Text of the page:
The patterns of transformation in Istria and the villas on the island of Brioni in particular have been the subject of our study for some years now. One type of rural architecture that emerged in the Augustan period, the time of unprecedented economic and political growth, was the maritime villa. Just like in Italy, it was created from surplus income and it di-splayed the socio-political stature of the elite. Lafon included most of the Istrian maritime villas in his catalog, but none from the Adriatic region south of Istria.

    Our topographic and architectural studies of maritime villas in different geographic zones of Istria and Dalmatia have led to inquiries into development, function and organization of the vil-las. The chronology of the rst phases is clear only in rare cases, but there is indication that the Italian development of coastal villas into true maritime villas is parallel in the eastern Adriatic region. Villa plans are indicative of the social structure of the proprietors and their economic and intellectual life. However, the distinction between leisure villas and those that were centers of a productive estate was difcult in the absence of clear indicators of production and storage facilities. In late antiquity, the economic and strategic function, especially of the villas on the shipping routes, was essential.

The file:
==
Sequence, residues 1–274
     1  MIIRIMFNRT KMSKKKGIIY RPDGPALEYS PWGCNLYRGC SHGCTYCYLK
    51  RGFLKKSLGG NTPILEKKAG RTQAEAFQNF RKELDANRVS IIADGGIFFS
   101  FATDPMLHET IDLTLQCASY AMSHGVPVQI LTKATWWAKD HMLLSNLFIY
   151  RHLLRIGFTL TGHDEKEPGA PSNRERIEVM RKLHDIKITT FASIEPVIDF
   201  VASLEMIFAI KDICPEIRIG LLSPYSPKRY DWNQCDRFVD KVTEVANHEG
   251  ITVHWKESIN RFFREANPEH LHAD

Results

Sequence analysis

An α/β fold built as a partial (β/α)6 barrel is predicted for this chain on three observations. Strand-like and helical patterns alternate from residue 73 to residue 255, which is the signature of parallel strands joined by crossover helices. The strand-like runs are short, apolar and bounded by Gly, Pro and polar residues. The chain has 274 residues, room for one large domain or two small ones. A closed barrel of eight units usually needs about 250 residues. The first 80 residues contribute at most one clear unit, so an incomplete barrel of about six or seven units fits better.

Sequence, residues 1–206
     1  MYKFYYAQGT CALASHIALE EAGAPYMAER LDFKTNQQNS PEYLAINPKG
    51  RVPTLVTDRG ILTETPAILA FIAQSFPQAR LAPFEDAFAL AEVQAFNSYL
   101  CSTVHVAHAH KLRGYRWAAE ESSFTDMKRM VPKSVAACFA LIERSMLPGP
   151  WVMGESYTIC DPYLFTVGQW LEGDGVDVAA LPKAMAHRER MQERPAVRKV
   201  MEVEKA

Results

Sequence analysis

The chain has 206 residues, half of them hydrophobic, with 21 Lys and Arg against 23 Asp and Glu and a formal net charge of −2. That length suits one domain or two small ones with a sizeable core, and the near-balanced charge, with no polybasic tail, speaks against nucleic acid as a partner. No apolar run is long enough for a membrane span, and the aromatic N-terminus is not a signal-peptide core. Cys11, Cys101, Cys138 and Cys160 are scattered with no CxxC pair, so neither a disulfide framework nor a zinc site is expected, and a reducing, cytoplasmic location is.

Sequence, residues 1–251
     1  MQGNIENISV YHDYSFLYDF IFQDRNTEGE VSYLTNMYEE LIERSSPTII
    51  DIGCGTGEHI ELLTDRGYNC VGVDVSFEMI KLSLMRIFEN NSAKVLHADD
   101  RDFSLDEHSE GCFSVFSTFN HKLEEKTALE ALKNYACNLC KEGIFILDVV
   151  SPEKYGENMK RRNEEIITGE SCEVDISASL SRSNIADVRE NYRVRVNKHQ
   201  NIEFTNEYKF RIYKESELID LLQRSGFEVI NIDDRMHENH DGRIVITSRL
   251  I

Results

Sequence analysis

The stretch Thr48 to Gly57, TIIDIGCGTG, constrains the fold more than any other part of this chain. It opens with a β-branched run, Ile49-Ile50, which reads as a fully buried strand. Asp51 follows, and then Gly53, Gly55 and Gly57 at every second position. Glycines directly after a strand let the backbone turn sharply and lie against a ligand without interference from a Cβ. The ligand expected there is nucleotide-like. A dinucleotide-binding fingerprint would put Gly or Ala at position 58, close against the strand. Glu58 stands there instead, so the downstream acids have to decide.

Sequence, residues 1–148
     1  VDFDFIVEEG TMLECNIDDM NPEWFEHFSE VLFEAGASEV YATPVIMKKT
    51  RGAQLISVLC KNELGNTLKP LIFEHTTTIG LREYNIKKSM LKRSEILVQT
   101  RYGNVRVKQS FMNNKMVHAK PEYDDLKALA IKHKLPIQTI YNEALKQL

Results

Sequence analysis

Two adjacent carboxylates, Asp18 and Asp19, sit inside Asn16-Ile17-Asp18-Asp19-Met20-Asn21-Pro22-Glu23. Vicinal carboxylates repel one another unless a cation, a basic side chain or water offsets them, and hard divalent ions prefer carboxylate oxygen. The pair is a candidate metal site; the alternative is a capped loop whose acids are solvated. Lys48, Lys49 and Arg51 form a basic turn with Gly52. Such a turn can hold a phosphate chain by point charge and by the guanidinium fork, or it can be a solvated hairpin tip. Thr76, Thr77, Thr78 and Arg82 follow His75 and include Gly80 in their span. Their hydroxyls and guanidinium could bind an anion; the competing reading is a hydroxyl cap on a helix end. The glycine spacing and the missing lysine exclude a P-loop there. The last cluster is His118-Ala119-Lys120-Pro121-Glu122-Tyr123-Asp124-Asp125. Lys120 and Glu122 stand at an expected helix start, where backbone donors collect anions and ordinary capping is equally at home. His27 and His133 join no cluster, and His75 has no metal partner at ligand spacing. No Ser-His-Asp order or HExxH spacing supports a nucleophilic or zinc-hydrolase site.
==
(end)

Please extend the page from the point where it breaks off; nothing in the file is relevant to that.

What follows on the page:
Key words: Roman villa, maritime villa, Roman architecture, east Adriatic coast

    Istraivanje topograje i arhitekture maritimnih vila u razliitim geografskim zonama rimske Is-tre i Dalmacije omoguilo je uvid u njihov razvoj, funkciju i organizaciju. Kronologija poetnih faza je jasna samo u rijetkim sluajevima, ali ima indikacija da je razvoj italskih priobalnih vila u prave maritimne vile imao paralela i na istonom Jadranu. Graevinski planovi vila upuuju na socijalnu strukturu vlasnika i na njihov ekonomski i intelektualni ivot. Teko je utvrditi razliku izmeu vila za odmor i onih koje su bile sredita proizvodnih posjeda ako nema za to jasnih indikacija, kao to su pogoni za proizvodnju i skladitenja. U kasnoj antici, ekonomska i strateka funkcija je bila najbitnija, osobito vila na plovnim putevima.

    Kljune rijei: rimske vile, maritimne vile, rimska arhitektura, istona obala Jadranskog mora

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    V. BEGOVI DVORAK, I. DVORAK SCHRUNK, ROMAN VILLAS IN ISTRIA AND DALMATIA, Pril. Inst. arheol. Zagrebu, 21/2004., str. 65.-90.